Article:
Webroot, Avast, Kaspersky are all good. Macs are getting infected now too with annoying adware that says your computer is infected and how to clean and speed up. Mac are no longer safe unlike some think they are. 

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47 minutes ago, zskins said:

 

Webroot, Avast, Kaspersky are all good. Macs are getting infected now too with annoying adware that says your computer is infected and how to clean and speed up. Mac are no longer safe unlike some think they are. 

they never really were. they just weren't targeted. now they are since they got a slight uptick in market share over the last 10 years.

 

same with android and iOS devices. i laugh when people start talking about rooting their devices and using 3rd party app stores. they think by virtue of knowing how to do that they are 'smart enough' to avoid having their phone get compromised. spend a week reading some security news sources and you'll see it's a really bad problem.

 

so bad most places have just opted for setting up a virtual 'container' on your device in-place of actual BYOD management. you have to use your own device? fine, but our **** is sitting in its own little environment on your device and your **** isn't touching it.

Edited by tshile
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I'm curious what is all of the professionals opinion on the internet of things?

 

my brother who does is finishing his degree in cyber security hates it. We had a conversation over the holiday about home automation. 

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17 minutes ago, GoSkinsGo said:

I'm curious what is all of the professionals opinion on the internet of things?

 

my brother who does is finishing his degree in cyber security hates it. We had a conversation over the holiday about home automation. 

 

the IoT is awesome. Technology makes life easier and you get more out of things.

 

Problem is people don't configure their stuff correctly. UPnP on, let every device open holes in your firewall, but never update your devices or pay attention to appropriate sources to learn if your device has a problem and now you're just waiting to become a victim.

 

Manufacturers also design stuff very poorly, and in general don't care. They want to sell the most units of something, they only care about security to the extent that it harms their brand. As such, they are super reactive and hardly proactive on anything.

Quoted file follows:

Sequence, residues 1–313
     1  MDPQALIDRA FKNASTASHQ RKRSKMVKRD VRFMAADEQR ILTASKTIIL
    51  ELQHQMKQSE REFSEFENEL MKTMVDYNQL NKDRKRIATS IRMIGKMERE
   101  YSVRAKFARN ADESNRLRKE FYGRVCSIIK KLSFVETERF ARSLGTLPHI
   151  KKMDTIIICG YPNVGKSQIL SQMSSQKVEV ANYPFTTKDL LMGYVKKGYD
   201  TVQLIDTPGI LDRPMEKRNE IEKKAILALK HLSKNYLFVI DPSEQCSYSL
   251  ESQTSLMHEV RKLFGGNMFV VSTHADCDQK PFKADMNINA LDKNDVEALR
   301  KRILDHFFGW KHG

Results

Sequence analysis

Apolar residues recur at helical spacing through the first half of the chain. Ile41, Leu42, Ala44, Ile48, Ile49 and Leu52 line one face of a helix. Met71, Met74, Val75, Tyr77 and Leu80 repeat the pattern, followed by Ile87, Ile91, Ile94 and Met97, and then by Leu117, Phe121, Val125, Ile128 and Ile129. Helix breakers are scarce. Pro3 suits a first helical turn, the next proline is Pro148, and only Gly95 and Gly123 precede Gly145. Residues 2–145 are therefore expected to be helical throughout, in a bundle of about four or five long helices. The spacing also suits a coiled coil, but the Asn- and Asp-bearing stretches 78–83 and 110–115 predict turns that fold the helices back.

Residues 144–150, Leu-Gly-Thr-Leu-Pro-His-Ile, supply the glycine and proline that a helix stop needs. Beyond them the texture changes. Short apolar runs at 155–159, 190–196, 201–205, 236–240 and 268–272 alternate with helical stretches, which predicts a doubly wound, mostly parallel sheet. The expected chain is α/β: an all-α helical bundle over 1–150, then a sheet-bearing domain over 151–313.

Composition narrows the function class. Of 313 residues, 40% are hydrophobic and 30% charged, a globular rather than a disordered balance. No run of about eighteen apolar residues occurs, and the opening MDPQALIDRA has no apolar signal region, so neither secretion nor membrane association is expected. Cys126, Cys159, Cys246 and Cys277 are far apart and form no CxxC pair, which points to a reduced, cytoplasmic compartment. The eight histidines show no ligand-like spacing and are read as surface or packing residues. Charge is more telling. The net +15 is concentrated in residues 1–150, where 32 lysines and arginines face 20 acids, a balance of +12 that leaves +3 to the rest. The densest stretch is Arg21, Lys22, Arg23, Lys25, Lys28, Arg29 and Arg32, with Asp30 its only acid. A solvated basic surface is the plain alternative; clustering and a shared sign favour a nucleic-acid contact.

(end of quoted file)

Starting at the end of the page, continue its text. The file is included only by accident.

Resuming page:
The net result is that the latest DDoS attacks that have crippled critical portions of the internet's infrastructure have come from... wait for it... tablets. or phones. or CCTV cameras.

 

I'm waiting for the headline "50,000 'smart' Samsung refrigerators take down the internet for 36 hours" because, at this pace, it's just a matter of time; and not much time. Also, I'm willing to place bets it'll definitely be a Samsung product because they are just as sloppy as can be.

 

So... IoT... awesome idea, poorly executed, mostly because our leading companies are more interested in selling the most units of something than they are in doing things the "right" way.

 

The IoT is today's version of the 2000-2012 website problem. Everyone thinks it should be cheap, easy, and everyone needs one, the result is a bunch of insecure stuff written by poorly educated/trained/informed or just outright lazy and incompetent programmers that turns into a security nightmare for the rest of us because those poorly designed things are turned into weapons and pointed at the rest of us.

 

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I can co-sign Samsung bring the death of the Internet one day. Lol. 

 

First time I got any word through the media, and not a security email, was about Samsung's Smart TVs allowing access to people's homes. And this was years ago. And in typical Samsung fashion, they blamed a third party company they were using to farm data from their customer's conversations (without informing their customers this was happening btw) and accepted no responsibility whatsoever. 

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On 12/28/2016 at 10:26 AM, zskins said:

 

Webroot, Avast, Kaspersky are all good. Macs are getting infected now too with annoying adware that says your computer is infected and how to clean and speed up. Mac are no longer safe unlike some think they are. 

I second Avast.  Good basic protection.